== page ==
The power of community, the story of Molave Street


Tucked somewhere between Gorordo Avenue and Archbishop Reyes Avenue, you’ll most likely find Molave street where all cool things happen. Taken from the street’s name, the Molave Community Marketplace (MCM) has stood out in the fringes of the urban life of Metro Cebu when it transformed a dead street into a community.

The brains behind MCM is 35-year-old Willow Hoods, who ran a barbershop in the neighborhood.

“For 10 years I have centered my personal brand—Willow Hoods—on culture and community. I am constantly reminded that nothing brings people together like great food,” Willow answered.

MCM has provided Hoods a place to merge his love for fashion, food, and haircuts.

Beginning in August 2021, Willow has completely transformed a place that was long ditched by folks due to it being rife from street violence.

“After getting the space for my barbershop last May 2021, I actually got really thrilled of all the things that I can do on this street,” Willow said.

And what was previously left dark and lifeless is now a burgeoning neighborhood of 45 pop-up shops.

Willow successfully expanded his vision into the Molave street that exists today, a street packed with people selling streetwear, books, vintage items, candles, soap, food, coffee and tea.

From there, the community-orientedness of MMC has allowed safety and friendliness to take place again in the night.

It has since become the hippest place to hang out with friends, listen to great music, and eat good food in one go; a place where people can gather in safety and feel a sense of community.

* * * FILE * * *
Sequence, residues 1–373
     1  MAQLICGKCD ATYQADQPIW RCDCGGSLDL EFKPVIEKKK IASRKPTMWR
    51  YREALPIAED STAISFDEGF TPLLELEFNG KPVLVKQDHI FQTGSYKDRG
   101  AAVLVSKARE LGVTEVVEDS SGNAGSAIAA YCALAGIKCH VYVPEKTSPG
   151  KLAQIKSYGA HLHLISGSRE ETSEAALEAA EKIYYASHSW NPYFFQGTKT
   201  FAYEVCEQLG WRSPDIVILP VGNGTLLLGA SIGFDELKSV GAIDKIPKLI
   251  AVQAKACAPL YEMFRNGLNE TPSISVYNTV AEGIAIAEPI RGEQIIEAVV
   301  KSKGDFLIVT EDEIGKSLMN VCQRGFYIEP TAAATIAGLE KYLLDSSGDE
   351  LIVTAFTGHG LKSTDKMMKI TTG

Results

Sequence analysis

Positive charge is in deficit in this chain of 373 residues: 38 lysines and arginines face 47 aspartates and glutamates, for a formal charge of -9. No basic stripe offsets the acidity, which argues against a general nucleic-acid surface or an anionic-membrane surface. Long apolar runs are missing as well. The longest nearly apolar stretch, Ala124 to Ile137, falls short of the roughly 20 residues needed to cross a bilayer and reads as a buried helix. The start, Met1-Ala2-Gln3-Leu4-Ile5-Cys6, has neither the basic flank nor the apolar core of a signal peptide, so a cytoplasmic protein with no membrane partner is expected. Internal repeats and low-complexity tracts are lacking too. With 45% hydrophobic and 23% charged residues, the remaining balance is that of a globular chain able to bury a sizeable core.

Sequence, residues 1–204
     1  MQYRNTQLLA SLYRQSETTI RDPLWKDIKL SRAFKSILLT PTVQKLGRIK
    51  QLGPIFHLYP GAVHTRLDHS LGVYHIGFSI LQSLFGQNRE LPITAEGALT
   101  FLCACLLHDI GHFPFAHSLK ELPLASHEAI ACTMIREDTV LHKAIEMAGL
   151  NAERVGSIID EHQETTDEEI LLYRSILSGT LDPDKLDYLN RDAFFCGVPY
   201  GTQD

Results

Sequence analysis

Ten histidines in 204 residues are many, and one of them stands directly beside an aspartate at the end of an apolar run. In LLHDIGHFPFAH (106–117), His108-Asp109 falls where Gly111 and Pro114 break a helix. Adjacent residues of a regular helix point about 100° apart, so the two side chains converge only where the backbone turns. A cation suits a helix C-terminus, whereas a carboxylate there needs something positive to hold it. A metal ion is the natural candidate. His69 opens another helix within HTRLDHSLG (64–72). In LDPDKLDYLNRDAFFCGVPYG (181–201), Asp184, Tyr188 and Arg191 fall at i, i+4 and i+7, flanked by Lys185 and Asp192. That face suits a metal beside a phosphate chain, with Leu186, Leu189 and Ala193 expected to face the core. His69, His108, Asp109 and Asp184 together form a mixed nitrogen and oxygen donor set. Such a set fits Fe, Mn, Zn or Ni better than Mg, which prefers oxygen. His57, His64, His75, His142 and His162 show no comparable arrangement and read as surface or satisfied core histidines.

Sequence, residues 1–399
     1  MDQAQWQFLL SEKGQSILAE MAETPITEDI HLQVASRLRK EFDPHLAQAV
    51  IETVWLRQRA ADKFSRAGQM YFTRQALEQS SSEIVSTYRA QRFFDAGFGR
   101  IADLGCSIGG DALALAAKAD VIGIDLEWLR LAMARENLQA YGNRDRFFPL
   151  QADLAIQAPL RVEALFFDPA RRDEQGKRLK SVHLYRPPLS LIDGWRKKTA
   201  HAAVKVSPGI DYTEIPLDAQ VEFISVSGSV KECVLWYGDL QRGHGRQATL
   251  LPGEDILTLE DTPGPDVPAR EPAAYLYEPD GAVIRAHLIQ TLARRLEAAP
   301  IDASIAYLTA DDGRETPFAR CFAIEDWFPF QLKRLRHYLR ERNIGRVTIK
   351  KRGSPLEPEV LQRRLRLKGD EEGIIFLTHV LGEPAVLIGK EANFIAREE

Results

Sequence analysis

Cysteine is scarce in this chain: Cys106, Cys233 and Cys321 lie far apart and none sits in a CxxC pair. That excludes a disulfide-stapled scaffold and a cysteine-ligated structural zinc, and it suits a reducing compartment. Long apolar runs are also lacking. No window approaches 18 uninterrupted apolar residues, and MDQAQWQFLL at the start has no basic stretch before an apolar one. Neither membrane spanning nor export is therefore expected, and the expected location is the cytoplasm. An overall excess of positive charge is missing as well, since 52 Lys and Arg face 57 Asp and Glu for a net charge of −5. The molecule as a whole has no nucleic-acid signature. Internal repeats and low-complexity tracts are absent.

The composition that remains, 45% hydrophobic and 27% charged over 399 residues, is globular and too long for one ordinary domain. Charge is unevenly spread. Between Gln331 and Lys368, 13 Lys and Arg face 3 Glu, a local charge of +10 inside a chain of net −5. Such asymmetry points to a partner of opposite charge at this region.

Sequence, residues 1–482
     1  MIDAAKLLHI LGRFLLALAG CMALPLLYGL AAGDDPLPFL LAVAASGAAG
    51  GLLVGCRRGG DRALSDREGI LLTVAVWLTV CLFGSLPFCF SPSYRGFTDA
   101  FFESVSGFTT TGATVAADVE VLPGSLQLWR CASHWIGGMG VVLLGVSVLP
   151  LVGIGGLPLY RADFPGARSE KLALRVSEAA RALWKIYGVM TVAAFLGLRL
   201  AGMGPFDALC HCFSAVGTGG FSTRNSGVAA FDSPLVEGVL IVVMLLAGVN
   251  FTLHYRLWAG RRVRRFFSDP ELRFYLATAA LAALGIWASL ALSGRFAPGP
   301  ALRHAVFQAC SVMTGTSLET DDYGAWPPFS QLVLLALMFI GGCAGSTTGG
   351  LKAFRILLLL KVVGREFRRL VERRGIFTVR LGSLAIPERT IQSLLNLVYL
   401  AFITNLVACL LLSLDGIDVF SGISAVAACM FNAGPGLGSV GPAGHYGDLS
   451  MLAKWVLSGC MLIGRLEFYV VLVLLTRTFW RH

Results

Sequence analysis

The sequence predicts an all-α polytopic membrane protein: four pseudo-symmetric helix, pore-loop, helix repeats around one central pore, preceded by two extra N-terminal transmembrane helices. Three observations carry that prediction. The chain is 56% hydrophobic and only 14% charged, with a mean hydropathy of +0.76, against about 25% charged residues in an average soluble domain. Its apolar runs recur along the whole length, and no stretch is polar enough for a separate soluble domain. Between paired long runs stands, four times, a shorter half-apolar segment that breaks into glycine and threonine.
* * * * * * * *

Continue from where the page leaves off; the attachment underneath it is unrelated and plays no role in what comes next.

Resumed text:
Not only was Willow able to create a free, healthy public space, but his passion also inspired young creatives to engage in the community.

“I see MCM as a place where they can test their projects, make mistakes and make it better so that one day when they go to the big league like food parks, they are ready. MCM is happy to be part of their story,” Willow replied.

“Their schedule is up to them. If they want to try some other places because they are now getting invites, it’s really okay because that means my vision is working, people are paying attention to what we’re doing,” he said.

MCM has been attracting many social media influencers exploring and filming the distinct culture that the place carries.

And speaking of culture, another thing that gives Molave street a strong sense of identity and connection are the graffiti art seen in the area.

MCM has managed to gather spanning talents hailing from Cebu that substantially pulled out the street from the shadows with its impressive street art.

“In the beginning I really wanted to do something with the wall across my barbershop and I wanted to keep that independent spirit for MCM,” he said.

Street artists from Cebu like his friends from “The Bart Bros.” shared the same vision with him and organized an unsponsored graffiti event in the area.

Eventually, its urban graffiti has brightened up the whole neighborhood, proving that a street is asleep until you give it some life.

What Molave Marketplace Community has put up presents an interesting narrative to the many streets of Cebu that are left behind.

“MCM is a place where positive and forward-thinking conversations happen,” Willow explained.

It has revolutionized a community to once again take over an isolated street and install a vibrant and artistic scene for the young creatives and entrepreneurs.

“MCM is always in a state of flow and MCM creates another reason for people to visit Cebu,” Willow added.

In the creative spirit scattered along the small stretch of Molave that started from Hoods, a movement is born.


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